[docs]def connect_odbc( server_name, user="", password="", escape_chars='"', double_precision="DOUBLE PRECISION", integer="INTEGER", text="TEXT", time_formats=None, conn_id="default", ): """ Creates a new ODBC database connection. ODBC is standardized format that can be used to connect to almost any database. Before you use the ODBC connector, make sure the database is up and running and that the appropriate ODBC drivers are installed. Args: server_name (str): The server name, as referenced in your .obdc.ini file. user (str, optional): User name with which to log into the database. You do not need to pass this, if it is already contained in your .odbc.ini. password (str, optional): Password with which to log into the database. You do not need to pass this, if it is already contained in your .odbc.ini. escape_chars (str, optional): ODBC drivers are supposed to support escaping table and column names using '"' characters irrespective of the syntax in the target database. Unfortunately, not ODBC drivers follow this standard. This is why some tuning might be necessary. The escape_chars value behaves as follows: * If you pass an empty string, schema, table and column names will not be escaped at all. This is not a problem unless some table or column names are identical to SQL keywords. * If you pass a single character, schema, table and column names will be enveloped in that character: "TABLE_NAME"."COLUMN_NAME" (standard SQL) or TABLE_NAME.COLUMN_NAME (MySQL/MariaDB style). * If you pass two characters, table, column and schema names will be enveloped between these to characters. For instance, if you pass "[]", the produced queries look as follows: [TABLE_NAME].[COLUMN_NAME] (MS SQL Server style). * If you pass more than two characters, the engine will throw an exception. double_precision (str, optional): The keyword used for double precision columns. integer (str, optional): The keyword used for integer columns. text (str, optional): The keyword used for text columns. time_formats (List[str], optional): The list of formats tried when parsing time stamps. The formats are allowed to contain the following special characters: * %w - abbreviated weekday (Mon, Tue, ...) * %W - full weekday (Monday, Tuesday, ...) * %b - abbreviated month (Jan, Feb, ...) * %B - full month (January, February, ...) * %d - zero-padded day of month (01 .. 31) * %e - day of month (1 .. 31) * %f - space-padded day of month ( 1 .. 31) * %m - zero-padded month (01 .. 12) * %n - month (1 .. 12) * %o - space-padded month ( 1 .. 12) * %y - year without century (70) * %Y - year with century (1970) * %H - hour (00 .. 23) * %h - hour (00 .. 12) * %a - am/pm * %A - AM/PM * %M - minute (00 .. 59) * %S - second (00 .. 59) * %s - seconds and microseconds (equivalent to %S.%F) * %i - millisecond (000 .. 999) * %c - centisecond (0 .. 9) * %F - fractional seconds/microseconds (000000 - 999999) * %z - time zone differential in ISO 8601 format (Z or +NN.NN) * %Z - time zone differential in RFC format (GMT or +NNNN) * %% - percent sign conn_id (str, optional): The name to be used to reference the connection. If you do not pass anything, this will create a new default connection. Note: By selecting an existing table of your database in :func:~getml.data.DataFrame.from_db function, you can create a new :class:~getml.data.DataFrame containing all its data. Alternatively you can use the :meth:~.getml.data.DataFrame.read_db and :meth:~.getml.data.DataFrame.read_query methods to replace the content of the current :class:~getml.data.DataFrame instance or append further rows based on either a table or a specific query. You can also write your results back into the database. By passing the name for the destination table to :meth:getml.pipeline.Pipeline.transform, the features generated from your raw data will be written back. Passing them into :meth:getml.pipeline.Pipeline.predict, instead, makes predictions of the target variables to new, unseen data and stores the result into the corresponding table. """ # ------------------------------------------- time_formats = time_formats or constants.TIME_FORMATS # ------------------------------------------- # Prepare command. cmd = dict() cmd["name_"] = "" cmd["type_"] = "Database.new" cmd["db_"] = "odbc" cmd["server_name_"] = server_name cmd["user_"] = user cmd["escape_chars_"] = escape_chars cmd["double_precision_"] = double_precision cmd["integer_"] = integer cmd["text_"] = text cmd["time_formats_"] = time_formats cmd["conn_id_"] = conn_id # ------------------------------------------- # Send JSON command to engine. sock = comm.send_and_receive_socket(cmd) # ------------------------------------------- # The password is sent separately, so it doesn't # end up in the logs. comm.send_string(sock, password) # ------------------------------------------- # Make sure that everything went well. msg = comm.recv_string(sock) if msg != "Success!": comm.engine_exception_handler(msg) # ------------------------------------------- return Connection(conn_id=conn_id)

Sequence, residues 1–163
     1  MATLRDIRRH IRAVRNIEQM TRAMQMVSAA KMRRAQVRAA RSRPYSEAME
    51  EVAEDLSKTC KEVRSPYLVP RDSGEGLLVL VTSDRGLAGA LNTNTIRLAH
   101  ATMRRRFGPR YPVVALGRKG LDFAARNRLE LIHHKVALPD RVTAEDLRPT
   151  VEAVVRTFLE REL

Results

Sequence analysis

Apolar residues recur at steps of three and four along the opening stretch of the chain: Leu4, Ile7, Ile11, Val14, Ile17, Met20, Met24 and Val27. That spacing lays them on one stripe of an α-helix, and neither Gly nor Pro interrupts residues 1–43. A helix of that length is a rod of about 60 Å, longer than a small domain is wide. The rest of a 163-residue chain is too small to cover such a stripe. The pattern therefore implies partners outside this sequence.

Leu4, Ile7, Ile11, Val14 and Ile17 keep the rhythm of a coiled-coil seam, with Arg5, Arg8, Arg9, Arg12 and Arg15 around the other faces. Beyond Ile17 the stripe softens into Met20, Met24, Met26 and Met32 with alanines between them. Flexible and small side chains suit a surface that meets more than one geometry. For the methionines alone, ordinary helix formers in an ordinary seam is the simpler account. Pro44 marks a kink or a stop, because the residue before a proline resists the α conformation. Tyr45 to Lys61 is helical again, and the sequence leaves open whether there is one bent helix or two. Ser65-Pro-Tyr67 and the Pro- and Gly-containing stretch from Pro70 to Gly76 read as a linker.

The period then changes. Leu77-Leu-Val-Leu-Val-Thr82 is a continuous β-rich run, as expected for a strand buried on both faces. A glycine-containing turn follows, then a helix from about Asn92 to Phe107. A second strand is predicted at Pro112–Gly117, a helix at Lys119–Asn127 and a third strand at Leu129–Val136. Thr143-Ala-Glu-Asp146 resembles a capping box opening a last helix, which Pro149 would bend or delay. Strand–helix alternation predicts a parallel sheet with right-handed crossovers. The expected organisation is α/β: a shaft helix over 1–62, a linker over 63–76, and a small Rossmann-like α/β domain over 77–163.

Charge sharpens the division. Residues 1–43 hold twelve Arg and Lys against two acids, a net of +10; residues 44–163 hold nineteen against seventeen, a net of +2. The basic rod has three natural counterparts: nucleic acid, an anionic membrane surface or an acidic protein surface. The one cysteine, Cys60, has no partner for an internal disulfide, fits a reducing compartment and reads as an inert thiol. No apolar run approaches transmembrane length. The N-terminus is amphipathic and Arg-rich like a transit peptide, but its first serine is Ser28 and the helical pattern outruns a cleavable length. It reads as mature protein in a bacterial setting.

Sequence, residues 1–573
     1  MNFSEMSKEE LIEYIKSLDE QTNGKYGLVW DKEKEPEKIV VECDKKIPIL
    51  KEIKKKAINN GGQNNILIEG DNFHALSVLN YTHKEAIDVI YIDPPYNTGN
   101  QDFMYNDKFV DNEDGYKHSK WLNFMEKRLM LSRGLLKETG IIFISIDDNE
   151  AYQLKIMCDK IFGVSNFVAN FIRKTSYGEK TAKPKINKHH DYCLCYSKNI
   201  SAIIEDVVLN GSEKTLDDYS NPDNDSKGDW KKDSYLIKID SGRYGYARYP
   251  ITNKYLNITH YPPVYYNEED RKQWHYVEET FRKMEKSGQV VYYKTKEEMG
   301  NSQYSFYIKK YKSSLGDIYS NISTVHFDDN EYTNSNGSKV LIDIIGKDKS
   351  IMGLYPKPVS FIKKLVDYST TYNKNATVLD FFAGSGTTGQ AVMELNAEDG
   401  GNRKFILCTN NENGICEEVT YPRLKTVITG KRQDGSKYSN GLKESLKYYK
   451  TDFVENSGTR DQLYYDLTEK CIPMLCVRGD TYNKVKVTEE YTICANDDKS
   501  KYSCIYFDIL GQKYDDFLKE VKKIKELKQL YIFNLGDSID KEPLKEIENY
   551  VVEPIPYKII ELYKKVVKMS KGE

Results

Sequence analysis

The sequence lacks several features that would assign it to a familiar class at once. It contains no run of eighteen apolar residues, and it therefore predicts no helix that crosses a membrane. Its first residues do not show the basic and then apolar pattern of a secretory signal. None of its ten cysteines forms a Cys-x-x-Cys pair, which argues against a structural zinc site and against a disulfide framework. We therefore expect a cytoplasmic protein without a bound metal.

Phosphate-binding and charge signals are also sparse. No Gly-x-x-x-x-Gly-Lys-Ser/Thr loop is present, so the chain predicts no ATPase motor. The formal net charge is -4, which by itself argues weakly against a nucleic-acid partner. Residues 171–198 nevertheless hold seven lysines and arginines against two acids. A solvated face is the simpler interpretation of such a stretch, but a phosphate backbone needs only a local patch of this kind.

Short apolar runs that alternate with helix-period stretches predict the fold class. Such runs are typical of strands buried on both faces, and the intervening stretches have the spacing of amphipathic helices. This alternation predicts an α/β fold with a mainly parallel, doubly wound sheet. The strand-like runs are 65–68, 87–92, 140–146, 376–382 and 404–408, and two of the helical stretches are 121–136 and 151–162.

# -----------------------------------------------------------------------------